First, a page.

• A sombre duty.

    Wednesday 5 November 2014 by Daniel McGlinchey. 1 comments

    Graves Registration Detachment, Australian section, of the Imperial War Graves Unit

    “We will be a hard headed crowd when we get back, after the sights we see…” This is a line from a letter written by Henry George Whiting, who volunteered for the grisly but vitally important task of exhuming dead allied soldiers, identifying them and reburying them into organised cemeteries. Whiting was born on 27 March 1889 at Adelong, New South Wales, one of eighteen children born to James and Annie Elizabeth Whiting (née …

    Read on

  • "He taught us all how to die..."

    Monday 3 November 2014 by David Heness. 1 comments

    Douglas Barrett-Lennard and the Western Australians of the 8th Australian Field Artillery Battery Of such mettle were the men who, under the most insuperable difficulties of Anzac, fought their guns throughout the campaign. C. E. W. Bean in The Official History of Australia in the War of 1914-1918: Volume II, The Story of Anzac: from 4 May, 1915 to the Evacuation When Charles Bean, Australia’s official First World War historian, …

    Read on

  • A different kind of heroism

    Friday 17 October 2014 by Theresa Cronk.

    This blog post was written by Anne Landais, a French student from the Ecole Nationale des Chartes (National School of Palaeography and Archival Studies), which isa university level institution that prepares students in the human and social sciences for careers in history related domains. The current priorities of the Ecole Nationale des Chartes include the development of digital technologies applied to historical research and heritage …

    Read on

  • Fourteen.

    Friday 10 October 2014 by David Heness. 18 comments

    Studio portrait of 1553 Private (Pte) James (Jim) Martin, 1st Reinforcements, 21st Battalion, of Hawthorn, Vic.

    Private James Charles Martin was in a bad state. Exhausted and suffering from a high fever, he lay aboard the hospital ship Glenart Castle under the watchful eye of Matron Frances Hope Logie Reddoch. Jim was nearly fifteen thousand kilometres from his family in Hawthorn, Victoria. He had lost over half his weight serving in the squalor of the trenches at Gallipoli and had contracted typhoid fever. Soldiers often contracted the disease in…

    Read on

  • Below the surface of Naval Reports of Proceedings

    Wednesday 8 October 2014 by Meagan Nihill. 2 comments

    “On Saturday, 1 September, I was accorded the privilege of giving away the Bride at the marriage between Miss Caroline Elizabeth Edwards and ABUC Gordon Stephen Dempsey…A small wedding reception was held, after the ceremony, in my cabin.” This anecdote appears as Paragraph 10 of the Report of Proceedings for HMAS Stuart in August 1968. Surrounded by perfunctory remarks on the ship’s movements, training regimes, and the health …

    Read on

  • Australian Naval Force (ANF) Engagement and Service Records now online

    Tuesday 23 September 2014 by Meagan Nihill. 3 comments

    The Research Centre has now digitised and made available online the seriesAWM266 Australian Naval Force (ANF) Engagement and Service Records, 1903-1911. The records in this series relate to men and boys – mainly residents of Australia and New Zealand – who served in the Australian Squadron of the Royal Navy under the terms of the Naval Agreement Act of 1903. Similar to attestation papers of soldiers in the First World War, they …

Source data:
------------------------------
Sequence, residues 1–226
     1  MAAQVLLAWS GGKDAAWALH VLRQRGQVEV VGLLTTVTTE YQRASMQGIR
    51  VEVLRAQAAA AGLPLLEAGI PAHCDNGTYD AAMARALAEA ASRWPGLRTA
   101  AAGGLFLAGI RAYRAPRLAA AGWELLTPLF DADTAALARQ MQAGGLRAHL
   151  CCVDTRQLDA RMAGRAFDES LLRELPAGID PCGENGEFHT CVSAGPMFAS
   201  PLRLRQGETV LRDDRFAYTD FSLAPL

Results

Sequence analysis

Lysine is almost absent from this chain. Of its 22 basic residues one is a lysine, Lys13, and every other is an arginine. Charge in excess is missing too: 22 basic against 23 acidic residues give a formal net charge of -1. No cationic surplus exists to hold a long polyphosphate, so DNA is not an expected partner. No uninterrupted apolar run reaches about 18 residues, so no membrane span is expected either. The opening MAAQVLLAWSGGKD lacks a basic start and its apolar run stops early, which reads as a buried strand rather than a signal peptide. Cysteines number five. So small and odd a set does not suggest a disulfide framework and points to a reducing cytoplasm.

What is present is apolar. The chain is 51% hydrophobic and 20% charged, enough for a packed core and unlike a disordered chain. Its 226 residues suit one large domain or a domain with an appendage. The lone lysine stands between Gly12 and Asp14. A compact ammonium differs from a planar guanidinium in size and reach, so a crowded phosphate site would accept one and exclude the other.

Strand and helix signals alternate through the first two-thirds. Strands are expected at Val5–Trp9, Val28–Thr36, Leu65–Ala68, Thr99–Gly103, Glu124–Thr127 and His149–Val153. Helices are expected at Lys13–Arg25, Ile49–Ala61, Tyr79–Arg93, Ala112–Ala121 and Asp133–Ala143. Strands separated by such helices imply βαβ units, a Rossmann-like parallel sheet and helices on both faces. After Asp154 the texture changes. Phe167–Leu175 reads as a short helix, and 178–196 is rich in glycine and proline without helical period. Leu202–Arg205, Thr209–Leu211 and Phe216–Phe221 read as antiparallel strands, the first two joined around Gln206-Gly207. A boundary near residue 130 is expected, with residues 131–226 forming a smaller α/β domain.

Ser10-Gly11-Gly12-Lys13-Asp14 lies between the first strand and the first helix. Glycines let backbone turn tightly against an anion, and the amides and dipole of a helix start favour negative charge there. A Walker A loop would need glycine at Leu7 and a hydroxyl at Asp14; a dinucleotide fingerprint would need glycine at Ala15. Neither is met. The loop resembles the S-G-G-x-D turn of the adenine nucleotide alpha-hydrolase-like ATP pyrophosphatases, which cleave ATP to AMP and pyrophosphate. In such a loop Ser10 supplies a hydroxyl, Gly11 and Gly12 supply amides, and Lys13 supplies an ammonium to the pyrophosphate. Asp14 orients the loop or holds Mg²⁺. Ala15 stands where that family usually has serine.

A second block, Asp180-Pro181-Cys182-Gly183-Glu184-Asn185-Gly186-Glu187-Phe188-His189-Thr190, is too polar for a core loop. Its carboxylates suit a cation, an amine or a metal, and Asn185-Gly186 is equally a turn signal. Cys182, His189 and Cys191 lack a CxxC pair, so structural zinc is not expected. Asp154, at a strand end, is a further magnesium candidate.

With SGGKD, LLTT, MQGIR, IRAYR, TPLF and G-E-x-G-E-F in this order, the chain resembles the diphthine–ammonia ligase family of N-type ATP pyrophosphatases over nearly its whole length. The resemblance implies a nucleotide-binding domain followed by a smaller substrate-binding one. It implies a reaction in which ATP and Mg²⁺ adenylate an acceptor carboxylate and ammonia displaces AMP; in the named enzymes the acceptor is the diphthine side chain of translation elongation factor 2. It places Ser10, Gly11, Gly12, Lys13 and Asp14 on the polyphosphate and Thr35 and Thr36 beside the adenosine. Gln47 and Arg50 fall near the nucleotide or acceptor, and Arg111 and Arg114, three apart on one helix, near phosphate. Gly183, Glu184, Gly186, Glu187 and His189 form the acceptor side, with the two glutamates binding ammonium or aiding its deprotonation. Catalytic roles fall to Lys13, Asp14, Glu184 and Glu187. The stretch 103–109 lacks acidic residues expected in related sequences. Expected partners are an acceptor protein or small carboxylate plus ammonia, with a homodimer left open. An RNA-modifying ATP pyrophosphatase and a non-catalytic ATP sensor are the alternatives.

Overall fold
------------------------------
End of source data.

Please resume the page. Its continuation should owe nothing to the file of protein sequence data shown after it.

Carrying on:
Read on

  • Anzac Connections: 50 000 pages and counting!

    Monday 15 September 2014 by Theresa Cronk. 6 comments

    Scanning the first page of Anzac Connections: Batch 6

    Today marks an important event in the annals of the Australian War Memorial’s centenary digitisation project, Anzac Connections. 50 000 pages have now been scanned for online access by all Australians and international researchers. This milestone comes as we celebrate the release of another thirty-eight personal collections to supplement the 153 collections already available online. Each of these collections provides a fascinating …

    Read on

  • A hundred years on: the Australian Naval and Military Expeditionary Force (AN&MEF)

    Wednesday 10 September 2014 by David Heness.

    On 6 August 1914, shortly after the outbreak of the First World War, Australia agreed to a request by the British government to seize German wireless stations in the south-west Pacific, namely German New Guinea. Australia was also required to occupy the territory under the British flag and establish a military administration. For the first time, Britain called upon Australia to train, supply and command her own forces in defence of the …

    Read on

  • Inside the Anzac Connections project

    Tuesday 26 August 2014 by Daniel McGlinchey. 7 comments

    “…it is simply rotten here in the bad weather up to our knees in mud and water and no chance of getting dry …” The man who endured these conditions, Private John Collingwood Angus, 28th Battalion, was writing to his sister Nance, from France in May 1916. By 6 July he was killed but the letters he wrote were donated to the Australian War Memorial and his words now reverberate through time because of modern technology. My name is…

    Read on

  • ANZAC Connections: Centenary digitisation project

    Monday 18 August 2014 by Daniel McGlinchey. 14 comments

    The Australian War Memorial is currently undertaking a project to create a comprehensive digital archive of the ANZACs and their deeds, and of the wider Australian experience of war. The collections are selected from our extensive archives and reflect the experiences of Australian servicemen, nurses and civilians during the First World War, not just well-known personalities. This project will digitally preserve the Memorial’s …

    Read on

Pages